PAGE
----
I cannot understand people here who think the stadium is a poor design. I think it is the most beautiful building in Dublin and the most beautiful stadium that I have seen. Severl visitors to the city that I have spoke with recently have commented on how impressed they are with how it looks.


  • Registered Users Posts: 7,588 ✭✭✭Bluetonic


    50,000 is the max number of spectators for which they could get planning. Nothing to do with the size of the stadium. It is to do with how crowded the approaching roads would be and the level of disruption to local resident and not the number they could fit into a stadium. They could probably have built a bigger stadium if they had rotated the pitch 90 degrees, but the fact remains that 50,000 people is the max number they would be allowed on match day.

    I would love if they had opted for some terracing (which could be swiftly altered to seating for the FAI) that would give a better atmosphere and allow more spectators, but the fact remains that the max number allowed in 50,000.
    Would love to see where this is documented as I think your wrong.

    As it stands the capacity is nearer 51,000 than it is 50,000.


  • Registered Users Posts: 260 ✭✭Poster King


    Bluetonic wrote: »
    Would love to see where this is documented as I think your wrong.

    As it stands the capacity is nearer 51,000 than it is 50,000.

    I've been meaning to pull the planning piles on this for some time. But at the time of the planning application I was closely involved with it and know that the main concern of the residents was not the physical size of the stadium but the number of people in and out. Challenge me again about this and I may be moved to spend some time finding the relavent documents. Better still, why doesn't someone else with more time on their hands find them.


  • Registered Users Posts: 7,588 ✭✭✭Bluetonic


    I've been meaning to pull the planning piles on this for some time. But at the time of the planning application I was closely involved with it and know that the main concern of the residents was not the physical size of the stadium but the number of people in and out. Challenge me again about this and I may be moved to spend some time finding the relavent documents. Better still, why doesn't someone else with more time on their hands find them.
    All joking aside I'd love to see it as I've had a look and have not seen anything on the planning files.


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  • Registered Users Posts: 260 ✭✭Poster King


    http://news.bbc.co.uk/sport2/hi/football/irish/3564315.stm

    Plans for a new 50,000-seater stadium at Lansdowne Road were unveiled in January and it is expected to be finished sometime in 2008.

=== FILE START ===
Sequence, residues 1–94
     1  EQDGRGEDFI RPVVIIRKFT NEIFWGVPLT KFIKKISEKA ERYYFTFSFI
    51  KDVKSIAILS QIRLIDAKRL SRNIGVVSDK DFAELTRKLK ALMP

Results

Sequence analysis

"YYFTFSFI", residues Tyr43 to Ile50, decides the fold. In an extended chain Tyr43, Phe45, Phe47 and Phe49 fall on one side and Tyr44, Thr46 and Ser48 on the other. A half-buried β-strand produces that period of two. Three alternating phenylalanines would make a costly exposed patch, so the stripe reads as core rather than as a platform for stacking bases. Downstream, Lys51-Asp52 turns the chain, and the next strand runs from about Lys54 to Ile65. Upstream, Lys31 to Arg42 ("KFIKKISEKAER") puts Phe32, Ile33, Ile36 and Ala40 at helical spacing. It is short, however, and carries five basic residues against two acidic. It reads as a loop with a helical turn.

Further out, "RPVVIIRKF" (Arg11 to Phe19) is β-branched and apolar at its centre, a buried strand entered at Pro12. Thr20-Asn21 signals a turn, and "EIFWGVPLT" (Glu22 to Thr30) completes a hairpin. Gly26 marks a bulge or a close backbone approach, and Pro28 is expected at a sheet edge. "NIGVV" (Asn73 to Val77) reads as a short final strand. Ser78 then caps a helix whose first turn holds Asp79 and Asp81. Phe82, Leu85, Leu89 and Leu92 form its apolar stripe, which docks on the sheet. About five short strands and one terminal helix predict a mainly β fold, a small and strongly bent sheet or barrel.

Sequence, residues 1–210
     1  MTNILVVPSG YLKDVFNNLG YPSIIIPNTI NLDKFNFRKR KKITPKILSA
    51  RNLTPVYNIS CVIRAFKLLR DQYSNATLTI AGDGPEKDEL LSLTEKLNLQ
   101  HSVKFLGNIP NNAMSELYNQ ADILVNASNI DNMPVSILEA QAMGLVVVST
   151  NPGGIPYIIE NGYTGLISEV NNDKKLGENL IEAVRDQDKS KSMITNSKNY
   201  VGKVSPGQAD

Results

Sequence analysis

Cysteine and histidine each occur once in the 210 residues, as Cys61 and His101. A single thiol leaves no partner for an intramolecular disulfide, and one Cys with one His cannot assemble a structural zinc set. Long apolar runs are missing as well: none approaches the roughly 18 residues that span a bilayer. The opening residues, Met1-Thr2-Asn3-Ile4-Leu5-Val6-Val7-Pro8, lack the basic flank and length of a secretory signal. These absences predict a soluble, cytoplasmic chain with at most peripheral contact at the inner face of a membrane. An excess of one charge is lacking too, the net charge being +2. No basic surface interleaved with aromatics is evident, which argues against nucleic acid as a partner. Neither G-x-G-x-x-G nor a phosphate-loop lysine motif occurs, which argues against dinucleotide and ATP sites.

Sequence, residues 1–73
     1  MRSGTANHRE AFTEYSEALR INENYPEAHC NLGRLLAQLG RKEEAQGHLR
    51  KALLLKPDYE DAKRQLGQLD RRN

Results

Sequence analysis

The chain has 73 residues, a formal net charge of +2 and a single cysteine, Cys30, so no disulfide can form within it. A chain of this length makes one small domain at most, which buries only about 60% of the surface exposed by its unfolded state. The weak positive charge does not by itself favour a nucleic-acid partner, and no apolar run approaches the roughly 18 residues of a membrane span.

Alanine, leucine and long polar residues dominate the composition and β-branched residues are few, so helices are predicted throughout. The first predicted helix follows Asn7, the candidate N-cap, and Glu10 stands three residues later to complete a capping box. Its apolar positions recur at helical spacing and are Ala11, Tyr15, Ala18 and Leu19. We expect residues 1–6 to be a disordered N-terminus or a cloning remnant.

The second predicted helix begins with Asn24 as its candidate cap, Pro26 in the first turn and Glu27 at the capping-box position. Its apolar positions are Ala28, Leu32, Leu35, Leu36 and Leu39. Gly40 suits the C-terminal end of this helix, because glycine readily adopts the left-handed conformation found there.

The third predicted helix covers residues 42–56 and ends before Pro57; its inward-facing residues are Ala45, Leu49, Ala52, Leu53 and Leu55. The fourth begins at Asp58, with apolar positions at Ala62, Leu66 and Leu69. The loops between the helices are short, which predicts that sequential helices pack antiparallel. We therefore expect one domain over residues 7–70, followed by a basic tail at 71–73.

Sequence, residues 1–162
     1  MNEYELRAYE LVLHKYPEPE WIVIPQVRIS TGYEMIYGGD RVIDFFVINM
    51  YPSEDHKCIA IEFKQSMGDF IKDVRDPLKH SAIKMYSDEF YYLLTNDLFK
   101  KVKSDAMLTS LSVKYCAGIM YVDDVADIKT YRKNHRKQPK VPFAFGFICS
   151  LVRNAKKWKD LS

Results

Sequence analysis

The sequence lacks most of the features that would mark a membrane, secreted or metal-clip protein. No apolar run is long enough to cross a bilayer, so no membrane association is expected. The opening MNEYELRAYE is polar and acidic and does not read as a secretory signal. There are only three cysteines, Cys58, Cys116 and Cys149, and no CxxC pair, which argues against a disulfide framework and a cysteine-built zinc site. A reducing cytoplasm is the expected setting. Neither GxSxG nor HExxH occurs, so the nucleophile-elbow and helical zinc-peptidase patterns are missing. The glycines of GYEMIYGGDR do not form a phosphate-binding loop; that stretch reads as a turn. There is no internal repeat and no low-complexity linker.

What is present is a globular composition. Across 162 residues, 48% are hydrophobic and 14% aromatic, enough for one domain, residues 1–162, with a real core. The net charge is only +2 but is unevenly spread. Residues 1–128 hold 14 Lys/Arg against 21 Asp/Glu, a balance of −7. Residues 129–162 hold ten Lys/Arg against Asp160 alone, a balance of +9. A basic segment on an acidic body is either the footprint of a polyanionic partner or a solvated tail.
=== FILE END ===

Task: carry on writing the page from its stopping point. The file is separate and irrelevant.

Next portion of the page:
• Registered Users Posts: 260 ✭✭Poster King


    Some other interesting articles from BBS website

    http://news.bbc.co.uk/sport2/hi/rugby_union/irish/3303345.stm

    Browne will deliver the findings from their consultants Ove Arup, who recommended a scaled-down version of the previous design which was for a 65,000 all-seater stadium.

    http://news.bbc.co.uk/sport2/hi/northern_ireland/2951161.stm

    Mr O'Donoghue did not hold out much hope of GAA stadium Croke Park being made available for soccer and rugby international in the near future.

    http://news.bbc.co.uk/sport2/hi/rugby_union/irish/3417359.stm


  • Registered Users Posts: 7,588 ✭✭✭Bluetonic


    Planning files?


  • Closed Accounts Posts: 6,084 ✭✭✭oppenheimer1


    DWCommuter wrote: »
    I understand how excited and positive some people feel about this stadium. It is far superiour to what was there before.

    But the reality is that it is not "world class" or "state of the art". I'm sick and tired of how these phrases are bandied about Irish society in relation to very ordinary pieces of infrastructure. I have been to a hell of a lot of stadiums around Europe over the years and Aviva will not rate very highly in terms of a spectator arena.

    The insistance on building a new stadium on this site was a mistake and is the sole reason that it is a poor example of what a new stadium should have been. After all the years of talking and planning and proposing, we got a funny shaped bowl, with a glass house at one end (bring the sunfactor for the back of your neck:D), monkey bars for those in the cheap seats and a capacity that isn't future proofed.

    As usual we Irish settle for average.:rolleyes:

    I hate the use of the phrase state of the art. Anything that has been commercially released is not state of the art. That said some very advanced engineering techniques went into the design of the roof. I believe there were only something like 12 drawings for the entire roof structure (normally thousands for a structure like this), it was actually built using a 3D model. It is quite likely Buro Happold will win steel design awards for the structure. The M&E is quite good too, with fast flow taps at the bars. Other than that there is nothing really "innovative" per se. It has unique features yes, like hydrotherapy pools for players, but they aren't a challenge to build or install.

    As for the sightlines, thats the Architects domain, originally HOK/SVE now Populous. What looks like has happened is a redesign of the roof structure interfered with the original sightline survey. From early renders it appears the architects did not expect the roof truss to be so deep. I understand the architects will purchase all the seats for 10 years that are obstructed, though that might just be a rumour.